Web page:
Well yeah, as I said in my previous answer, as those nerves subsided, the more I felt at home. The less inhibited I felt on-stage, the less stilted my playing became. Nerves did (and still do) have an adverse effect on my playing if I let it get on top of me. Tim, Andy and Rusty certainly did encourage me, but a great deal of it was just experience.
With all the bands you play(ed), in that I mentioned above, and with the tag line of being a ‘gun for hire’ it’d be fair for any casual observer to consider you a guitarist first and foremost above all else but with The Pictures, and now with The Good Born of bad Tymes, you have turned your hand to being a song writer, singer and front man with the blistering solos we’re used to coming in second to these other hidden skills. Is Song writing something that you’ve always hand an interest in and done or is it something that came after a few years of playing guitar as a kind of natural next step and progression? Basically, in Beatles terms. Were you a John and Paul, natural writers or were you a George and bloomed later under the experience of your surrounds?
Well if you reference the new EP, you’ll notice I’ve tried not to skimp on the “blistering solos”! Though, to be honest, I’ve always considered myself more a songwriter than a guitarist, it’s just that I guess the latter advanced to a serviceable level before the former…I think its only been in the last few years (probably around the time of the second Pictures record) that I feel I’ve been able to find my own voice in terms of songwriting. And I feel like I’m getting a lil more confident as time goes by. I know in any case I’m writing less duds than I used to, though I’m still well aware of my limitations as a lyricist and vocalist. Everyone begins out copying their heroes, and it makes me cringe to hear how overt the influences are on my earlier songs, but I wasn’t writing back then coz I felt like I wanted to challenge myself or say something — I just needed a song with which I’d make as much noise as possible and jump around like an idiot, in a nutshell, smoke and mirrors to make up for the shortcomings in my writing. And I guess I feel the same way about singing. It’s only my most recent solo stuff that I can hear without cringing — I was either trying to sing too hard to get a certain throaty gruffness out my voice that wasn’t there, which would throw my pitch right out, or I was trying too hard to mimic other singers.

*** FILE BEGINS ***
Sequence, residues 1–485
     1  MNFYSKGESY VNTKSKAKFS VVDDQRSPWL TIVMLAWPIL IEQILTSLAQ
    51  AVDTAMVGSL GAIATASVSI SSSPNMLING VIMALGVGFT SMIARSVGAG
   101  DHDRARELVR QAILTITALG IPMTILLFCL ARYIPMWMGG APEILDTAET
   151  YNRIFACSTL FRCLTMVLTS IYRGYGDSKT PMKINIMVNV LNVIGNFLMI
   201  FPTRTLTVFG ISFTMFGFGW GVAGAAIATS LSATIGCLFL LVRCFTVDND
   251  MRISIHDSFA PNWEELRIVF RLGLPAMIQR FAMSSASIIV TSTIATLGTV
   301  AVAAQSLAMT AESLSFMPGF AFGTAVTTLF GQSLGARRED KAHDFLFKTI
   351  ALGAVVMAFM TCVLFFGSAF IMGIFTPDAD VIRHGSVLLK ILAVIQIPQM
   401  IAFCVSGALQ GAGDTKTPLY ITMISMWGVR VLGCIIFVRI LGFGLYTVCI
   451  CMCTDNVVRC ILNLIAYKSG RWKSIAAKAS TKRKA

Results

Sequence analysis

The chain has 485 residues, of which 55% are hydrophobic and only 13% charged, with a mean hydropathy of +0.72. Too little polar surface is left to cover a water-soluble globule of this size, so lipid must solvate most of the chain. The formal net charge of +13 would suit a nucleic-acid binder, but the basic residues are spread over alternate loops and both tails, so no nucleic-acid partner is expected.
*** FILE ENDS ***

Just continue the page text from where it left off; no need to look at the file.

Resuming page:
You’ve had the unique experience to play along side some of, not just Australia’s but in my opinion the worlds best and underrated song writers in Neil Finn and Tim Rogers. You no doubt have some very good influences and inspiration around you. Do you ever find yourself asking them for advice on your own music or running your songs by Tim to get his opinions of them?